Teen Librarian Toolbox
Inside Teen Librarian Toolbox

Celebrating 9 Years of TLT! (in a global pandemic)

This month, Teen Librarian Toolbox is celebrating 9 years of talking about teen librarianship, young adult literature, and the world at large. It’s been an amazing experience and I am so happy that we’re still here doing this thing that I love.

Several YA/Teen Librarians and a handful of Teens help make TLT happen

But also, what a weird time to be celebrating anything. The world is very strange right now. I’m working from home and spending a lot of time trying to help my biological kids navigate a summer overshadowed by both a global pandemic and civil rights protests. There is no handbook for this, not a parenting handbook or a librarian handbook. We’re in uncharted territory here and most days, it feels like we’re barely able to keep from slipping under water and drowning. I never imagined that I would be taking my kids to protest in support of their friends and families and yet, here were are.

Karen, Riley and Scout Jensen masking up because of the global pandemic

But through it all, there’s TLT. You have no idea how grateful I am to have this resource to work through my thoughts, share my experiences, and meet with my peers to listen, learn, grow and become a better teen and collection development librarian day by day. Who I am when I started this blog is wildly different than who I am now – and you are a huge part of what has made that happen.

And of course I can’t talk about TLT without talking about all the co-bloggers and contributors who help make TLT happen. Amanda MacGregor and Robin Willis have both been a part of TLT for 6 years or more. Ally Watkins and I began talking about Faith and Spirituality in YA lit in 2015. And this year, both of my children made the decision to become an official part of TLT, which makes my heart fill with pride and joy.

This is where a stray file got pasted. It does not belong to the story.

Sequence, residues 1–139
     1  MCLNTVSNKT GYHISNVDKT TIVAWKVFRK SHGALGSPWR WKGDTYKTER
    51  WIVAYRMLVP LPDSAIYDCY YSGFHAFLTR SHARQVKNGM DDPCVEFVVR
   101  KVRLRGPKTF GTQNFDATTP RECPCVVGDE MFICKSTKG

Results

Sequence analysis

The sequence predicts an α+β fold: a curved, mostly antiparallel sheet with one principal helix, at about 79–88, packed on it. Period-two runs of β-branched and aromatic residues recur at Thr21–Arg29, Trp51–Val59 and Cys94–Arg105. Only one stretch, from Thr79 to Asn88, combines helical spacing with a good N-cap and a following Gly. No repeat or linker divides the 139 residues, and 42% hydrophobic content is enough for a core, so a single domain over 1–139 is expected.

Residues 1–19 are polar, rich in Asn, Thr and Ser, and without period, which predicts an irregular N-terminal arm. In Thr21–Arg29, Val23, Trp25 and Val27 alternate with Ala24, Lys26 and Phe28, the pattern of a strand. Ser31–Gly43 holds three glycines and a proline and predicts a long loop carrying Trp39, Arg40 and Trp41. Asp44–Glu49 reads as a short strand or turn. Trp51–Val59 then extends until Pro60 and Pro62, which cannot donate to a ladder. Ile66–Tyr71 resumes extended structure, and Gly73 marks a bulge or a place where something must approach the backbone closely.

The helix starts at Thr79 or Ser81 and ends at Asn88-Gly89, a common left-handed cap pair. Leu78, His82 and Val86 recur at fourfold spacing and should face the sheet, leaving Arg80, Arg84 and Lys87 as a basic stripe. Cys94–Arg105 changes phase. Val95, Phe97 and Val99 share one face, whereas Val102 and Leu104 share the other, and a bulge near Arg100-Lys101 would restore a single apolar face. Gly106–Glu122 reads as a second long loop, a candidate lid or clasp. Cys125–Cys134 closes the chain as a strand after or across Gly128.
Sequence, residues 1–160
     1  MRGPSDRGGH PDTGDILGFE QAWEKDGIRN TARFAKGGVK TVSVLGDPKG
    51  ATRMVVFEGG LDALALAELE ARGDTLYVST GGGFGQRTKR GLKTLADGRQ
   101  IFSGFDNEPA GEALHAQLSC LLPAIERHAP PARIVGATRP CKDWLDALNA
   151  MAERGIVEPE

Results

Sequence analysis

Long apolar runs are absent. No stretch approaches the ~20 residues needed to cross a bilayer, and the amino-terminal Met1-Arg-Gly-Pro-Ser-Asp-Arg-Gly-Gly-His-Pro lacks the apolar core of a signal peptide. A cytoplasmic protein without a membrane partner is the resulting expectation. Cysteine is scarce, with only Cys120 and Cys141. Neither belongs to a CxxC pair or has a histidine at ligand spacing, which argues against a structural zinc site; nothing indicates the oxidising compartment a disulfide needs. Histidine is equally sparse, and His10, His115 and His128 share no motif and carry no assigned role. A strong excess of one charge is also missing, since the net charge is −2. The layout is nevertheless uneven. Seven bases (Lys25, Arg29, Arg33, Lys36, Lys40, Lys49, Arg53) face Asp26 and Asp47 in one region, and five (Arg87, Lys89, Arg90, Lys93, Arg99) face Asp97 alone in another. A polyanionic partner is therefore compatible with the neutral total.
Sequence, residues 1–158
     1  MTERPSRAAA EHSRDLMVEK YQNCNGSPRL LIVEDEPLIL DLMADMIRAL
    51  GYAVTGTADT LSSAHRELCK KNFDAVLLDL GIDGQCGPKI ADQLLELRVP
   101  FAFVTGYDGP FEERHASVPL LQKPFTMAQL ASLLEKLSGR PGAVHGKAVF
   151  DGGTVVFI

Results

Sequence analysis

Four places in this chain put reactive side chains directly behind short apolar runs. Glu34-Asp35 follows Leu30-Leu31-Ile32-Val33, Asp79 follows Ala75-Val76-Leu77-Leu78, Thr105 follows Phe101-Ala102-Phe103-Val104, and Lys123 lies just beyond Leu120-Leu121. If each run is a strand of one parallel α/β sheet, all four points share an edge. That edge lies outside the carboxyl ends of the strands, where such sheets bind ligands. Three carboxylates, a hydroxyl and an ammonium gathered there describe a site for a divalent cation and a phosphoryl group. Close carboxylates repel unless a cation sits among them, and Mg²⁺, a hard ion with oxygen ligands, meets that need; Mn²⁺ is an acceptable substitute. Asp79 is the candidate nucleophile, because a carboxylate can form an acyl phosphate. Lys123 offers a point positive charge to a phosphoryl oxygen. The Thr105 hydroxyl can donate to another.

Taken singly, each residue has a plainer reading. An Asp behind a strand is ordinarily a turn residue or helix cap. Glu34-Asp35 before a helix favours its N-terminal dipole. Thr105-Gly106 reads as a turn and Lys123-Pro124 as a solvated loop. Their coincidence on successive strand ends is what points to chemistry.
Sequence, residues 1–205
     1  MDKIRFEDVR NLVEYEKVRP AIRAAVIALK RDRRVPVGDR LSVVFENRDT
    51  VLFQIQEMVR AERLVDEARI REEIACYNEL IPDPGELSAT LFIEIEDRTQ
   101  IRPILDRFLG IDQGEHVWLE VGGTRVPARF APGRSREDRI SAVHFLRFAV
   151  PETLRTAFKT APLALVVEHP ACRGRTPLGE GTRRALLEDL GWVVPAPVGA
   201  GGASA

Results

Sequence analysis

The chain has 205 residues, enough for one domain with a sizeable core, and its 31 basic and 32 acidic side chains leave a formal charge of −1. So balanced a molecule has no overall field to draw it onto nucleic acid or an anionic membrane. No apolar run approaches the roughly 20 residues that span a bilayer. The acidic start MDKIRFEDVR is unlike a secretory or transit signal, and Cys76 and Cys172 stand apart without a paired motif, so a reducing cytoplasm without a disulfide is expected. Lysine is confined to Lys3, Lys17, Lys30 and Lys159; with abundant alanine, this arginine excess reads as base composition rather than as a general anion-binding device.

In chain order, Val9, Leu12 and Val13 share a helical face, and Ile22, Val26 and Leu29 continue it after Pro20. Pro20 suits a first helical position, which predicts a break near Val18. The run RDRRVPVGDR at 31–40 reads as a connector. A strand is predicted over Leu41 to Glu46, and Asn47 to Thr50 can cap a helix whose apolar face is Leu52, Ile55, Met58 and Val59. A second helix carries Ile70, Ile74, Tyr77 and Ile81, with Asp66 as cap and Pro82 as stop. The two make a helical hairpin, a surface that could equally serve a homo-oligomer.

Robin Willis visiting Karen Jensen at her Teen MakerSpace at The Public Library of Mount Vernon and Knox County

Lots of other awesome people help make TLT happen at this point. Cindy Shutts shares awesome programming ideas with us. Christine Lively highlights the works of teens around the globe. Lisa Krok joins us every once in a while to talk about teen librarianship. And we have had a variety of teens on our teen advisory board.

Perhaps because it’s our anniversary, or perhaps it’s because of the world we live in now, it’s hard for me not to be reflective of TLT. One of our major failings is that we are not a very diverse group of librarians here at TLT. We are and always have been a predominantly white group of middle age women and there are a lot of gaps and holes here. We have always made our platform available to anyone who would like to guest post, from other librarians to authors, and that has helped fill in some of those gaps, but it has never been enough and it is without a doubt one of our biggest shortcomings.

We’ve made other missteps and mistakes a long the way, to be honest. And I know that I have learned a lot and changed my mind about a lot of things in the course of the last 9 years. For example, I originally pushed back against the idea of a New Adult label for literature but now more than ever feel like it is very much needed and would help a lot of the current issues I see happening in YA literature. You see, YA books keeps getting aged up and real teens are being pushed out and I think that it would have helped if New Adult would have taken off years ago when the industry was pushing for it. Now, however, I see the correction taking place in middle grade. Middle grade is the new YA in a lot of ways.

As I reflect I can’t help, of course, but thing of the teens. Working with and helping teens navigate adolescence is the primary reason I became a teen librarian. And after 26 years I can tell you, I have never been more distressed about the world we are making for our youth. I worry a lot (and talk a lot) about things like childhood and generational trauma and its long lasting impacts well into adulthood. School violence, climate change, sexual violence, the eroding of LGBTQ rights, racism, increasing poverty – these are just a few of the issues that our teens are grappling with on a daily basis. These are just a few of the areas in which we, the adults in charge, are failing our youth. They were already experiencing growing mental health challenges and then – boom – deadly global pandemic. It’s a lot for anyone, but it’s especially a lot for our youth.